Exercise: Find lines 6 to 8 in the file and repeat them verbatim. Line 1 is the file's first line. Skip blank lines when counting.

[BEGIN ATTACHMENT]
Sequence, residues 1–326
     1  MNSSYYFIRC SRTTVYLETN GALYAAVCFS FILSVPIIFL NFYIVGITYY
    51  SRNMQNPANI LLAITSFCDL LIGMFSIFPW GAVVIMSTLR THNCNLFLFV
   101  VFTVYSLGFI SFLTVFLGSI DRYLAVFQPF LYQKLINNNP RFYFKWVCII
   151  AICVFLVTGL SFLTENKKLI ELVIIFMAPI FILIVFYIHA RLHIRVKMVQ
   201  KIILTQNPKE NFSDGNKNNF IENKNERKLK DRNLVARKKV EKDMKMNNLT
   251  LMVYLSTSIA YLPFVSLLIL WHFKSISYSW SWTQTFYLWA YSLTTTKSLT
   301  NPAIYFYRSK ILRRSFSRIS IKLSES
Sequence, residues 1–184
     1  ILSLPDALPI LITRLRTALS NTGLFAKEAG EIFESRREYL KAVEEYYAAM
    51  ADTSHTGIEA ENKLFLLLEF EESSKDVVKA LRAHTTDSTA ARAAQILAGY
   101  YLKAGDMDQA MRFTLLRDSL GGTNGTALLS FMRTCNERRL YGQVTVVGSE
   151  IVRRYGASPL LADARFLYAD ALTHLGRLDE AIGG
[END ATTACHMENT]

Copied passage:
   201  KIILTQNPKE NFSDGNKNNF IENKNERKLK DRNLVARKKV EKDMKMNNLT
   251  LMVYLSTSIA YLPFVSLLIL WHFKSISYSW SWTQTFYLWA YSLTTTKSLT
   301  NPAIYFYRSK ILRRSFSRIS IKLSES